This may create the impression that the USB 3.0 system is unreliable or unstable.
The USB 3.0 interface offers several transmission options in the form of passive, active and optical data transmission. A recommendation for the use of the different technologies is based on the necessary length of the data cable. With the right cable and USB 3.0 accessories, passive data transmission can be guaranteed for lengths of up to 8 meters. Optical or hybrid cables also make the USB 3.0 interface suitable for data transmissions well beyond 8 meters; it has already established itself as an indispensable data interface in the machine vision market. With its easy activation, high bandwidth and cost efficiency of the entire camera system, the USB 3.0 data interface bridges the gap between Gigabit Ethernet and Camera Link.
Wider cores reduce the damping of data transmissions.
Passive data cables can lead users to mistakenly believe that cores with higher cross-sections can reduce the damping of data transmissions. This is only true to a certain extent. At higher transmission frequencies, the so-called skin effect occurs: The behaviour of currents in a conductor depends on the frequency. The higher the frequency, the higher the current concentration outside the conductor. As a result, from a certain frequency, the current is transferred mainly at the edge of the cross section. Due to the skin effect, the centre of a core with a larger cross-section no longer contributes significantly to the conductivity of the conductor.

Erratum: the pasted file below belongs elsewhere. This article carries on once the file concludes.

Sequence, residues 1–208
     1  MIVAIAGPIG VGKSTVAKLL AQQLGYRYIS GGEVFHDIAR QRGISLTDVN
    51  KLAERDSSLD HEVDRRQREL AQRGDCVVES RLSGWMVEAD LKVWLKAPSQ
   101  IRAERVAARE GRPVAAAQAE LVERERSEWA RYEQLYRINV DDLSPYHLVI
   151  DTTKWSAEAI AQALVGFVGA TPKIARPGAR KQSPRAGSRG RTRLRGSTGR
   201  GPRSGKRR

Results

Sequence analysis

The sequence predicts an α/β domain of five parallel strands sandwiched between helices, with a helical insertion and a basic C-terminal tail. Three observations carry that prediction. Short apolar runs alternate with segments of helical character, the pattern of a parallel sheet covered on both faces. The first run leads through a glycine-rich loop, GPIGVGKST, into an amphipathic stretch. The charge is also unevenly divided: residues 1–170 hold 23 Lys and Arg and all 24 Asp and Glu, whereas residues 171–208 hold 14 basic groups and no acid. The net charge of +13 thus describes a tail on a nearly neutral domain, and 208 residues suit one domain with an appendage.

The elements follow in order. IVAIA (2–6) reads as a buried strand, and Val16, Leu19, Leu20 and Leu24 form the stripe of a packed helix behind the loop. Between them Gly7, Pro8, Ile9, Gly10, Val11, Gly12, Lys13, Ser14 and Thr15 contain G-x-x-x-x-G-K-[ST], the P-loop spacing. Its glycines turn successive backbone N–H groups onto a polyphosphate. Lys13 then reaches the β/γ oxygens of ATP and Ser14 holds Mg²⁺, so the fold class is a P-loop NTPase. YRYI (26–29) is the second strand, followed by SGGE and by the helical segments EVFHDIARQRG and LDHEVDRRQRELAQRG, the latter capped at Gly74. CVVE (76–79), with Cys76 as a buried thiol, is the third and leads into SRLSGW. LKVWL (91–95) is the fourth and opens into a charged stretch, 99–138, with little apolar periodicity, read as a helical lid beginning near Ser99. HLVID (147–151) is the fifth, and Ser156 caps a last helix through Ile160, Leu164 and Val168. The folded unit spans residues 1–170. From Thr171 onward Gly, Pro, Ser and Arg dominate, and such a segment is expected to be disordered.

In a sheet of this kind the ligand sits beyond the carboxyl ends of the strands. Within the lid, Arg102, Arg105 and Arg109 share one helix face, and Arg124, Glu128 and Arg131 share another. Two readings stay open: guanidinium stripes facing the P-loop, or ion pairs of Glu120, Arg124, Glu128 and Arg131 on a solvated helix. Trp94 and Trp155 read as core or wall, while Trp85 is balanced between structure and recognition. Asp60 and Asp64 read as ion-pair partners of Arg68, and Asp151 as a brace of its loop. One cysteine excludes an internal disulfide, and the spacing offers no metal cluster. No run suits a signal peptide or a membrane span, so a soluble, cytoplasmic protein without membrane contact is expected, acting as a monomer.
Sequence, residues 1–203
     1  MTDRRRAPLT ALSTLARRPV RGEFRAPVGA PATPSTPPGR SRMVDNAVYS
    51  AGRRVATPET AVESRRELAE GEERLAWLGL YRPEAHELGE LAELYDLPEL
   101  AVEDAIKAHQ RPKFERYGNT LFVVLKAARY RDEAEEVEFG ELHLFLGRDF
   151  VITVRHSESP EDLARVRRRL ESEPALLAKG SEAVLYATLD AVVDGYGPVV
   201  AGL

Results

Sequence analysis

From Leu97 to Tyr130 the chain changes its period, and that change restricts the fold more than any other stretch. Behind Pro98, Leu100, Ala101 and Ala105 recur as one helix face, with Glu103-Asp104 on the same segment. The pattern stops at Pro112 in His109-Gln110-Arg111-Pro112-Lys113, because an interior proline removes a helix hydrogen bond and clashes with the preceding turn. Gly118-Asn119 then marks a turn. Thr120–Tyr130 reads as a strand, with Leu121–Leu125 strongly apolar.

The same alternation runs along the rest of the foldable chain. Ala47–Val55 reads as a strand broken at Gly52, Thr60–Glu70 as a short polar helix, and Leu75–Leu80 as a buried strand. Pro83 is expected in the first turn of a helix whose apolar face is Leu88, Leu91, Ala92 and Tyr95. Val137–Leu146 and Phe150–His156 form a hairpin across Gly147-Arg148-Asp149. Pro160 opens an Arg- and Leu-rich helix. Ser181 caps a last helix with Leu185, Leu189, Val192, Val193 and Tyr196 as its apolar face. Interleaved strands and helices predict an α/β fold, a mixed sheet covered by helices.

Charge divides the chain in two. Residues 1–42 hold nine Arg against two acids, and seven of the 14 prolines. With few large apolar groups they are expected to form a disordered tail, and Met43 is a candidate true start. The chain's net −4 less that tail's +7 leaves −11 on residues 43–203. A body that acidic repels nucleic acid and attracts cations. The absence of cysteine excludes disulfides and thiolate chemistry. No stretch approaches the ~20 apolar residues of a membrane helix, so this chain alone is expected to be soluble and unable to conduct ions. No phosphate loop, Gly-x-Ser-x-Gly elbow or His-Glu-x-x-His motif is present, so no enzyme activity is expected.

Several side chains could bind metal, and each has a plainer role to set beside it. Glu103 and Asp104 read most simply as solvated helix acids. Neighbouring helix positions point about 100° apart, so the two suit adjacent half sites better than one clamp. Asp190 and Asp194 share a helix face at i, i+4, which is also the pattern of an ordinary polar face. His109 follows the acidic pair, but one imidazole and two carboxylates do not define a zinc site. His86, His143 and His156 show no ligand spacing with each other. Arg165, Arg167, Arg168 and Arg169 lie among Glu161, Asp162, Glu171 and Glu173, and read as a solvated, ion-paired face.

Fiber optic cables are much more robust than their reputation suggests.
Contrary to many assumptions, fibre optic cables are optimally protected, have minimal bending radii and are resistant to EMC. Therefore, in a fixed installation, they meet the same standards as passive copper cables. With the right design, they can also be used in mobile applications.